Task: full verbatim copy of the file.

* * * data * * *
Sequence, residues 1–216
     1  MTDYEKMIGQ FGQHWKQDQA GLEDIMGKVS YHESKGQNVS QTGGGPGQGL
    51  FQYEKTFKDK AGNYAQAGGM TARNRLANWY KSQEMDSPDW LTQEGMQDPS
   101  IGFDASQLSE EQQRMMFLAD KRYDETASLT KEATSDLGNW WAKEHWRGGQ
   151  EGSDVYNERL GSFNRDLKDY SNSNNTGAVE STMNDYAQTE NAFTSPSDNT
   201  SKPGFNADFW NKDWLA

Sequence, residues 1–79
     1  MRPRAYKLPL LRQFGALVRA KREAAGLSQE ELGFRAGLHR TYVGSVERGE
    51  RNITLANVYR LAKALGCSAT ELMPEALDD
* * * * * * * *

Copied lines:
Sequence, residues 1–216
     1  MTDYEKMIGQ FGQHWKQDQA GLEDIMGKVS YHESKGQNVS QTGGGPGQGL
    51  FQYEKTFKDK AGNYAQAGGM TARNRLANWY KSQEMDSPDW LTQEGMQDPS
   101  IGFDASQLSE EQQRMMFLAD KRYDETASLT KEATSDLGNW WAKEHWRGGQ
   151  EGSDVYNERL GSFNRDLKDY SNSNNTGAVE STMNDYAQTE NAFTSPSDNT
   201  SKPGFNADFW NKDWLA

Sequence, residues 1–79
     1  MRPRAYKLPL LRQFGALVRA KREAAGLSQE ELGFRAGLHR TYVGSVERGE
    51  RNITLANVYR LAKALGCSAT ELMPEALDD